Hello, When I do a "ls -l" I can see my directories have drwxr-xr-xr. I am more used to the chmod numerical syntax like 755. Is there an easy way to list out the numerical permissions rather than rwx etc. (1 Reply)
Discussion started by: rondebbs
1 Replies

7. UNIX for Advanced & Expert Users

chmod (permissions) * not working on remote server

Hi gurus ! I am developing a FTP script which will copy all the files from one server to another server and then I need to use CHMOD 755 * to set permissions of all the files just copied to the remote server. mput * chmod 755 * CHMOD gives me an error CHMOD works fine If I specify... (3 Replies)
Discussion started by: sdlayeeq
3 Replies

8. UNIX for Dummies Questions & Answers

chmod permissions

Is there any way that you can set it up so when you create a file it has the chmod permissions of u+x? I am not a root user on the system (1 Reply)
Discussion started by: himurak
1 Replies

9. UNIX for Dummies Questions & Answers

directory permissions and CHMOD

I am working on a new UNIX box that has been delivered to us, and noticed that the /home directory has 555 permissions on it (dr-xr-xr-x). Any attempt to create write permissions fails on this directory (such as chmod 777), responding only with a message; chmod: WARNING: can't change home ... (3 Replies)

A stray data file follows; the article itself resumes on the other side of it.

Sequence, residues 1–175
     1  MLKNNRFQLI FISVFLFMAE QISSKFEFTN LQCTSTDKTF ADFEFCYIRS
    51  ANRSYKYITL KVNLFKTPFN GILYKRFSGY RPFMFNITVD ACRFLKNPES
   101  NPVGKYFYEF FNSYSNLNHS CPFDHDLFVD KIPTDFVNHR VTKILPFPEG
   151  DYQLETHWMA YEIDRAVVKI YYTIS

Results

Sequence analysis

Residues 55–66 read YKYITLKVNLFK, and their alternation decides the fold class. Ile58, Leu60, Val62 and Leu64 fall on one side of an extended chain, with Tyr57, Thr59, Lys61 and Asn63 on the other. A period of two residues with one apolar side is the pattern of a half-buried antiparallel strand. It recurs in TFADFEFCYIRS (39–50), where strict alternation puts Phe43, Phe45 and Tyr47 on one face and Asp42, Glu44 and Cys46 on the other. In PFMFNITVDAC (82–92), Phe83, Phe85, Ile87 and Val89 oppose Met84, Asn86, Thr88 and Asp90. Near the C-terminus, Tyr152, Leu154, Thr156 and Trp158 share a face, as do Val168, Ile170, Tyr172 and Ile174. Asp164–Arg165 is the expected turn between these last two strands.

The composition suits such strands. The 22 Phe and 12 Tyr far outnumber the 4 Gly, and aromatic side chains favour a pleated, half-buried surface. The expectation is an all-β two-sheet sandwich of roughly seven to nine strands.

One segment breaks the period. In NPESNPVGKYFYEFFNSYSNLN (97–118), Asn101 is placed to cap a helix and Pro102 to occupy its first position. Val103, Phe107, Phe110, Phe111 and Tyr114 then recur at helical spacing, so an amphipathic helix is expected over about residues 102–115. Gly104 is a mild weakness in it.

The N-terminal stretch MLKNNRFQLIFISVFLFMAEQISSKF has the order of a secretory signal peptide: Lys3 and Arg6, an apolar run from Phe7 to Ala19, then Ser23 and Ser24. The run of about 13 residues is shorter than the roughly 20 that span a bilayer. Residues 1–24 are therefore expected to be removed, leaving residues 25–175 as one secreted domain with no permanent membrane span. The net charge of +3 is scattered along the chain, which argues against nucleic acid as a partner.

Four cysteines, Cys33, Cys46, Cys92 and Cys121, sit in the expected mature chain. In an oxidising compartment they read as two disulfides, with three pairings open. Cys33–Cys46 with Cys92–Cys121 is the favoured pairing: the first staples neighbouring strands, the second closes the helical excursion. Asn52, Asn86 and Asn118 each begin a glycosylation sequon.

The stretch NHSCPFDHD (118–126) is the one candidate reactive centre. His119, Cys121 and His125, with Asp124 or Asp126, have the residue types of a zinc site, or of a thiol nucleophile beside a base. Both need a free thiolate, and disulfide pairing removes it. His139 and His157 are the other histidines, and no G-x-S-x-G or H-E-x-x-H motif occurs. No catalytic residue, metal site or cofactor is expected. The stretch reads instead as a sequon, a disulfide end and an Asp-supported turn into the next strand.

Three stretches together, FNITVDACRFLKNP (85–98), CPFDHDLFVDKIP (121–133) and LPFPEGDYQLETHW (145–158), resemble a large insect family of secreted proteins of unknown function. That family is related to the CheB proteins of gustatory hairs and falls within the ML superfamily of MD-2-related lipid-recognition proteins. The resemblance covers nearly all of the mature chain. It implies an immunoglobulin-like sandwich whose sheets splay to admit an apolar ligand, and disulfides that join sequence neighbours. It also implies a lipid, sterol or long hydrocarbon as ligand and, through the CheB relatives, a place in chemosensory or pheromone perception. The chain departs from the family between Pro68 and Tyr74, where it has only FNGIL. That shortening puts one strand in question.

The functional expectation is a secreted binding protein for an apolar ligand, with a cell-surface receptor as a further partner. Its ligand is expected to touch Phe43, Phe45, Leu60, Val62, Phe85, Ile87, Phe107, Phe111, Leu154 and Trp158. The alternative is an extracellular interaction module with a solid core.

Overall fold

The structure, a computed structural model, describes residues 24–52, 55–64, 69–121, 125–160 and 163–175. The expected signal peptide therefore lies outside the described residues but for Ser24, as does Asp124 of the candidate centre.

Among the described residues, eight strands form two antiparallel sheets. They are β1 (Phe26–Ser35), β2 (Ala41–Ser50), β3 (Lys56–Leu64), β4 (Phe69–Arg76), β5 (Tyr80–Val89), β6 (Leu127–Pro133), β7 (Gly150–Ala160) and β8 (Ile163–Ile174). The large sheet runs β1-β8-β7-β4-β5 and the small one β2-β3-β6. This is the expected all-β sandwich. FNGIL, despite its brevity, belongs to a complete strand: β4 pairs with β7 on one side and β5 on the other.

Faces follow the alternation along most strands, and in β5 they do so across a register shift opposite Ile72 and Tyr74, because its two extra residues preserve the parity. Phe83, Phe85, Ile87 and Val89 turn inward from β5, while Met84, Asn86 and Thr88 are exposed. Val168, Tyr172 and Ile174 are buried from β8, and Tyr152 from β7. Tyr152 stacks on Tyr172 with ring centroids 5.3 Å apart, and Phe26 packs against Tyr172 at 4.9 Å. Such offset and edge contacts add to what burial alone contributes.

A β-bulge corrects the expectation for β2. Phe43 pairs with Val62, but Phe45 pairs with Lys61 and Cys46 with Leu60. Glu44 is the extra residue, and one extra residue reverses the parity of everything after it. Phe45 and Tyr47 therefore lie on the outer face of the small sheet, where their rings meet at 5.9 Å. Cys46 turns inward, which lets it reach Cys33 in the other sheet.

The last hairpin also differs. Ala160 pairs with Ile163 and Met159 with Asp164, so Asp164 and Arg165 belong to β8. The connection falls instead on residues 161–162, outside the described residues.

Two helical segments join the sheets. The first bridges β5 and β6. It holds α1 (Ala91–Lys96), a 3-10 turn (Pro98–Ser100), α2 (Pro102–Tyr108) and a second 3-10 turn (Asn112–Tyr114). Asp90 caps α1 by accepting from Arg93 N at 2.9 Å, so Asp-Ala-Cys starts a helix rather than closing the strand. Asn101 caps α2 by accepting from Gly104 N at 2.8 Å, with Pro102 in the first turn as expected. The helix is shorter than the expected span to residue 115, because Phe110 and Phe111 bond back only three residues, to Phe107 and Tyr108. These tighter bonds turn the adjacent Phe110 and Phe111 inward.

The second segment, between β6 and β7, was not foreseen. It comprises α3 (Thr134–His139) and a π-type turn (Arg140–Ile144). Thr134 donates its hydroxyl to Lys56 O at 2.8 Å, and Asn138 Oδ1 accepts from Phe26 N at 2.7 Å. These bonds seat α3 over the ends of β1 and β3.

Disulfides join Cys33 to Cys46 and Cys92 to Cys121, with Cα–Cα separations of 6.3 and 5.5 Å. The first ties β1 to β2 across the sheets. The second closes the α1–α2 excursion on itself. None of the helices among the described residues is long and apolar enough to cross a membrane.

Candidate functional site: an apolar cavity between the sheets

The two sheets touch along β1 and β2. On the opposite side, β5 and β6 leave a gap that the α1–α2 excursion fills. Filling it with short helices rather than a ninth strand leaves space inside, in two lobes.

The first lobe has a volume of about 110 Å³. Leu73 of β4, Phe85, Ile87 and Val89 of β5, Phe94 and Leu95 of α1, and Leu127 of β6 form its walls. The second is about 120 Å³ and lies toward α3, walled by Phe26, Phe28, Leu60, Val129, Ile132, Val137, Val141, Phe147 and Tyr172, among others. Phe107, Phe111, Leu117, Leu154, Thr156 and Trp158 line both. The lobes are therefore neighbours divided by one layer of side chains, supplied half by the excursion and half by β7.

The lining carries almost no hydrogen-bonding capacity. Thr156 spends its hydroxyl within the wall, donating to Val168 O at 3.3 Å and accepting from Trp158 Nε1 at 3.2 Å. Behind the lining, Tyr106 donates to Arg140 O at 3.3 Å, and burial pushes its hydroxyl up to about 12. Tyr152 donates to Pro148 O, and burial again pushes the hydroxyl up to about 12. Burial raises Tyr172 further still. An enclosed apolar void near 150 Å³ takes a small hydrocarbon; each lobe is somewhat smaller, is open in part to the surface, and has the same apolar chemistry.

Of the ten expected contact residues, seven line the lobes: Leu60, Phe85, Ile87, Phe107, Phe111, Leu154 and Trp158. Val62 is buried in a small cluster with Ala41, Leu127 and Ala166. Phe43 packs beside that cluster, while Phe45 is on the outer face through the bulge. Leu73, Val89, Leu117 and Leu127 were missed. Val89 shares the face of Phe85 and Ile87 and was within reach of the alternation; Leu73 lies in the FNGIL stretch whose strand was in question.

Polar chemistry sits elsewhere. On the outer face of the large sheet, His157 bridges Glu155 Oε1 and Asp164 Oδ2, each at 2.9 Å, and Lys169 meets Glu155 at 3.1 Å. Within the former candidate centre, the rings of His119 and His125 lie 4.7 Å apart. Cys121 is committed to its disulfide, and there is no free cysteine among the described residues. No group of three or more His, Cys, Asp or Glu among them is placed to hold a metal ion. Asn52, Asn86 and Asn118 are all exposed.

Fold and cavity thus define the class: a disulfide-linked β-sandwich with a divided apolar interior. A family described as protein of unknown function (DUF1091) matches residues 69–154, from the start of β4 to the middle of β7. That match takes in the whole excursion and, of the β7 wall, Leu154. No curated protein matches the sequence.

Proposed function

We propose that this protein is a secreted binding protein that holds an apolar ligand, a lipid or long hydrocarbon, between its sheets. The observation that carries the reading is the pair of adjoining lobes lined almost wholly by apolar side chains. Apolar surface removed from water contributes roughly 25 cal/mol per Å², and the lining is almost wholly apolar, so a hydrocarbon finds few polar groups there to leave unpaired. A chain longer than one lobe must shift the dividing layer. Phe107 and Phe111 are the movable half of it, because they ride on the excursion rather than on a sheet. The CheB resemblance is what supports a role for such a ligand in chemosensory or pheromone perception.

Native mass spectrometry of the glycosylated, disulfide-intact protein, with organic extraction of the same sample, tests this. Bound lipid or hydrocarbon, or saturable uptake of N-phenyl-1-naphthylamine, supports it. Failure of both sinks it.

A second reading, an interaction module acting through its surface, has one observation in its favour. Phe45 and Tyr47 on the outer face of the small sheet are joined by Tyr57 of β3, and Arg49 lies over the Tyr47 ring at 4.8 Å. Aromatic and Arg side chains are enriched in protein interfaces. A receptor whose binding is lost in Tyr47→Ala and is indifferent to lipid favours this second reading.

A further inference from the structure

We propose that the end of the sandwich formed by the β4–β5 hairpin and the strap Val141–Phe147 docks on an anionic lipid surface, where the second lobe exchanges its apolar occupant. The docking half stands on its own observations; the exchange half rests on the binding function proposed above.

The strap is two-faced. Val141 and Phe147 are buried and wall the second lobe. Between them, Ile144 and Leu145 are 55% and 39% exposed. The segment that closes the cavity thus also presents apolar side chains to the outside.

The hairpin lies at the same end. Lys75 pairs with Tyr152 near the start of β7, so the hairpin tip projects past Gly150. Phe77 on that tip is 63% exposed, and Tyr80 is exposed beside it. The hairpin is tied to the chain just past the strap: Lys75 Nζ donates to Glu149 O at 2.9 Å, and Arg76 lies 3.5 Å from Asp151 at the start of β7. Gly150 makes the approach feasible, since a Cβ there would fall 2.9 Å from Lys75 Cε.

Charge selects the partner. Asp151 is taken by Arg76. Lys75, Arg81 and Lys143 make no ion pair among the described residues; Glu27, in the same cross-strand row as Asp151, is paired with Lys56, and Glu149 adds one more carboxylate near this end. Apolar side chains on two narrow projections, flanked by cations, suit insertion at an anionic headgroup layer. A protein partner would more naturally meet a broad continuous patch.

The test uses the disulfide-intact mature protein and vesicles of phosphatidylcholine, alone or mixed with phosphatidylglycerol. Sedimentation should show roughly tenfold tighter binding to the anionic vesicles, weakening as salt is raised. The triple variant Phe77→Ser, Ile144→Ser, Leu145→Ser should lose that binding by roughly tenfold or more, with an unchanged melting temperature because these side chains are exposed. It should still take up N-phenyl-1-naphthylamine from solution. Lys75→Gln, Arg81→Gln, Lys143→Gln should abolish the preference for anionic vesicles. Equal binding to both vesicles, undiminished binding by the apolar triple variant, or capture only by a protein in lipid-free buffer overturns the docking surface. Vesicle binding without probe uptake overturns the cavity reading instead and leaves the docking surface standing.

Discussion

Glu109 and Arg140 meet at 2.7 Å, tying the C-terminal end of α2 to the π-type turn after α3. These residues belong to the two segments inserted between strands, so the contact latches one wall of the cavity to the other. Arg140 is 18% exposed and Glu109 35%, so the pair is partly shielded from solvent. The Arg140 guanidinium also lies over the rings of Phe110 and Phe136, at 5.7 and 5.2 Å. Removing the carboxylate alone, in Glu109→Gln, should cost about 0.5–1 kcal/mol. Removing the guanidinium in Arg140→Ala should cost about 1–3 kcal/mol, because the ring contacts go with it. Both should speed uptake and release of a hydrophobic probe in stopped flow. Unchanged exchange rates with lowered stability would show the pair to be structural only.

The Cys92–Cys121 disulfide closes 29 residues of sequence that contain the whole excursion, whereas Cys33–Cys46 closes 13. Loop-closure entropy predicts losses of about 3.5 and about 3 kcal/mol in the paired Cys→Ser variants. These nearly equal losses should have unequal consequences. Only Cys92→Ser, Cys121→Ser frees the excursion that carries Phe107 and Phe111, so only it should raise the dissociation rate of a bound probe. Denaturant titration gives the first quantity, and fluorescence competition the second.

Discussion started by: ncarmstrong
3 Replies

10. UNIX for Dummies Questions & Answers

root access on sun os and permissions

Currently have root access to our own boxes on site. HQ wants to take root access away from us. What does root access provide that is unavailable for users as it is essential for us to keep local control. We log in as users but have su for special needs. On all other os boxes we have admin... (2 Replies)
Discussion started by: allinone
2 Replies
CHMOD(1)								FSF								  CHMOD(1)

NAME
chmod - change file access permissions SYNOPSIS
chmod [OPTION]... MODE[,MODE]... FILE... chmod [OPTION]... OCTAL-MODE FILE... chmod [OPTION]... --reference=RFILE FILE... DESCRIPTION